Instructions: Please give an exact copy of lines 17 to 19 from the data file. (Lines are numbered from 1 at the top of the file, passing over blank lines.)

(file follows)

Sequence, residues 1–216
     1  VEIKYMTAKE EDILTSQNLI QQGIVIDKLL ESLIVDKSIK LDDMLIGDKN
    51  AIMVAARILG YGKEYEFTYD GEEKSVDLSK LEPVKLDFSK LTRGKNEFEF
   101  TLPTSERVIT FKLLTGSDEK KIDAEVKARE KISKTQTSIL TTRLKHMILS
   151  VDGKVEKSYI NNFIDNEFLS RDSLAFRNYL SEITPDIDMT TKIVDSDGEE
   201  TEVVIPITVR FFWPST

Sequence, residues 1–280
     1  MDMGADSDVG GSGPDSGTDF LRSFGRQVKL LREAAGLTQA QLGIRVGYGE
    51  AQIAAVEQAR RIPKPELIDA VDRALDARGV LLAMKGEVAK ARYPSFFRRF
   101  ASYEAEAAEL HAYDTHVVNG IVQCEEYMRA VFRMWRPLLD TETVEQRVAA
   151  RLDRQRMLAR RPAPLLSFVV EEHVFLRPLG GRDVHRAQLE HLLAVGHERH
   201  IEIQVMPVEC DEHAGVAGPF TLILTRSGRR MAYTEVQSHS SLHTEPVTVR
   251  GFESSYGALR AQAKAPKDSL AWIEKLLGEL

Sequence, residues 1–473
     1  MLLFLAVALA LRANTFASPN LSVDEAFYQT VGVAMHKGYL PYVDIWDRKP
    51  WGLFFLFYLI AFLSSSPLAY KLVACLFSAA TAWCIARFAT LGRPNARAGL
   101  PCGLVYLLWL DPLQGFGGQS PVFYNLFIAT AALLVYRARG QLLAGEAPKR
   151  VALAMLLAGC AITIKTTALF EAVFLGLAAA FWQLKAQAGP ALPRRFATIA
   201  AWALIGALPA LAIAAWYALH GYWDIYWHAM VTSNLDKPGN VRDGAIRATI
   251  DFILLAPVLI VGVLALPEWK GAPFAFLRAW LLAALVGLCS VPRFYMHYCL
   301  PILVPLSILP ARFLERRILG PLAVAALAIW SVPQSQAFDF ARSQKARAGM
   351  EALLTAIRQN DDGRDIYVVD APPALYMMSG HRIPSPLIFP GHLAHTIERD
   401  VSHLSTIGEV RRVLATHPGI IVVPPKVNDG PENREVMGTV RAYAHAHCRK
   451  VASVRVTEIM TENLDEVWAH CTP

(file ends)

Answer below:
   101  PCGLVYLLWL DPLQGFGGQS PVFYNLFIAT AALLVYRARG QLLAGEAPKR
   151  VALAMLLAGC AITIKTTALF EAVFLGLAAA FWQLKAQAGP ALPRRFATIA
   201  AWALIGALPA LAIAAWYALH GYWDIYWHAM VTSNLDKPGN VRDGAIRATI